Recurrent Otitis Media

Recurrent otitis media, the medical term for recurrent middle ear infections, plagues many children in the United States. Two-thirds of American children have had an acute ear infection by two years of age; and chronic ear infections affect two-thirds of children under the age of six.

Recurrent otitis media, or otitis media with effusion, occurs when fluid in the middle ear is unable to properly drain into the back of the throat through the Eustachian tube. The result is a build-up of fluid in the middle ear, which can cause hearing problems or can provide a perfect environment for the growth of viruses, bacteria and fungi, which can lead to more severe infection.

Fortunately, some minor dietary changes may be able to help with this condition and may even prevent future episodes of otitis media.

DIETARY CHANGES THAT HELP RECURRENT OTITIS MEDIA

Eliminate common food allergens including milk and dairy products, eggs, wheat, corn, oranges, peanuts and concentrated sources of sugar.

Click for:
Food Sensitivities
Allergy Avoidance Diet

Description

What Is Recurrent Otitis Media

Otitis media, or middle ear infection, is by far one of the most common illnesses in children today. It's estimated to account for as many as one-third of all pediatrician visits.

Research studies have shown that anywhere from 25-85% of children have had at least one episode of ear infection by the age of six months, and anywhere from 50-97% have had one by the age of one year, depending on the group studied. In 1986, around 20 million courses of antibiotics were prescribed for otitis media alone.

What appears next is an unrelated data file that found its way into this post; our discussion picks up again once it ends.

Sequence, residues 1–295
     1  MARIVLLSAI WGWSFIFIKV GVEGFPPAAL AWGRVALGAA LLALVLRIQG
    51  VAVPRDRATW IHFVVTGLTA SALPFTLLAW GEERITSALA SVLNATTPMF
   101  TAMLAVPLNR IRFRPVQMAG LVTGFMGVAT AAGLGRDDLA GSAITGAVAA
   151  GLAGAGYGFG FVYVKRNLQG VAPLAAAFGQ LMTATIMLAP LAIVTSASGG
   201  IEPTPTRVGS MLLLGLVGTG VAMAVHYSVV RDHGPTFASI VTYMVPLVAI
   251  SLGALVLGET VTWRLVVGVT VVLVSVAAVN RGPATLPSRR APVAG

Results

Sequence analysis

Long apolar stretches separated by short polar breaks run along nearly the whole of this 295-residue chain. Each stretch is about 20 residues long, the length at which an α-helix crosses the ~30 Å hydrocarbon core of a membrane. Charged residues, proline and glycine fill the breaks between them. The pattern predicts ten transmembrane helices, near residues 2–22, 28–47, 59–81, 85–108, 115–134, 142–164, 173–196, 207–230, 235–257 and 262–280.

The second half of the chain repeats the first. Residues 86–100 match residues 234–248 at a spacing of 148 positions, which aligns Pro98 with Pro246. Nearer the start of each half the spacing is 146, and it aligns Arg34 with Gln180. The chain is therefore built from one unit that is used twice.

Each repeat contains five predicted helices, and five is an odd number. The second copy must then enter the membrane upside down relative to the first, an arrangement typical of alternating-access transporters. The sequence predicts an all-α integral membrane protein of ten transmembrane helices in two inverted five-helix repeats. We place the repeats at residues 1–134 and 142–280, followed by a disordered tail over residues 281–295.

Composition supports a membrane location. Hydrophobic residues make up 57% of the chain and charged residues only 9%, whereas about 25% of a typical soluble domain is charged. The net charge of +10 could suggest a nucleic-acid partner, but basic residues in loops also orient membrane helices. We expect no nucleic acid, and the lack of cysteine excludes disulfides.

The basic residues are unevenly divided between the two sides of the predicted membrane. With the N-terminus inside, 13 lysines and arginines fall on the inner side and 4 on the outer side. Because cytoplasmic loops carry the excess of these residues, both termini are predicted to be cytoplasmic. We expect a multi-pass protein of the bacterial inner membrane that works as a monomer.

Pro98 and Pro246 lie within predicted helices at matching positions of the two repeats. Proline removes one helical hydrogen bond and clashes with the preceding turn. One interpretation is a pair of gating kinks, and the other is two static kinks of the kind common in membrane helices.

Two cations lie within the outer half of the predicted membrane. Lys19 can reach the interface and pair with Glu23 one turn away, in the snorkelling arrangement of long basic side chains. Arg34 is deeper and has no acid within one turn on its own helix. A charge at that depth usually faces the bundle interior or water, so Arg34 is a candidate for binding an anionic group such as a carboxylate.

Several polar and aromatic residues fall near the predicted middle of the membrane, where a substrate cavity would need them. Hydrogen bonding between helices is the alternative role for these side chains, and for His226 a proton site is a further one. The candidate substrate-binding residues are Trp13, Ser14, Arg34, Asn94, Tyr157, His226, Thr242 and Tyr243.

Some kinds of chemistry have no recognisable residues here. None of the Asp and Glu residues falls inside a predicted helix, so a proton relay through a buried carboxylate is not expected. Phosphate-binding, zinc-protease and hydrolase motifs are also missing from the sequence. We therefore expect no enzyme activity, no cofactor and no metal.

Recurrent otitis media or severe otitis media with effusion can lead to problems with hearing or hearing loss. If this occurs at certain stages of a child's life, it may interfere with language and speech development. The good news is that there may be ways to protect your child from this condition.

Symptoms

Some children with middle ear infections may not show any symptoms at all. For these children, the otitis media may be noticed for the first time at a routine well-child exam. For others, especially when the infection is bacterial, fungal, or viral, the symptoms can be quite severe.

Unfortunately, most infants and toddlers can't tell us exactly what they're feeling, so here are some signs to look for to indicate that your child may have otitis media:

  • Crying more than usual
  • Tugging or pulling at the ears
  • Playing with the ears or sticking things into the ears
  • Fever
  • Hitting the sides of the head
  • Difficulties hearing sounds that other people hear
  • Troubles with speaking or a failure to try to speak

The two main conventional treatments currently used for otitis media include antibiotics and ear tubes. Antibiotics are often prescribed for ear infections, though there are doubts as to whether the antibiotics taken by mouth ever make it to the middle ear to do any good. Some doctors even prescribe low doses for a long period of time to try to prevent infections.

Unfortunately, antibiotics can have negative side effects, like killing the beneficial bacteria that live in our intestines, or diaper rash. Also, with the rising number of dangerous, antibiotic-resistant bacteria now on the scene, doctors are being urged to only prescribe antibiotics in severe cases and to stop prescribing antibiotics so frequently for milder cases. Sometimes doctors prescribe an antibiotic just because they think that that is what the parent wants.

If your doctor prescribes antibiotics, you may want to discuss whether they're absolutely necessary or if there are other treatment options available. In acute cases, antibiotic ear drops may be safer and more effective than oral antibiotics.

Ear tubes are also used for recurring otitis media. While they can be helpful in severe cases to prevent hearing loss and problems with language development, they may not be helpful for less severe cases. Some studies have shown that children with ear tubes may get more infections than those without. Again, if your doctor recommends ear tubes, discuss with him or her whether they are absolutely necessary.

The Disease Process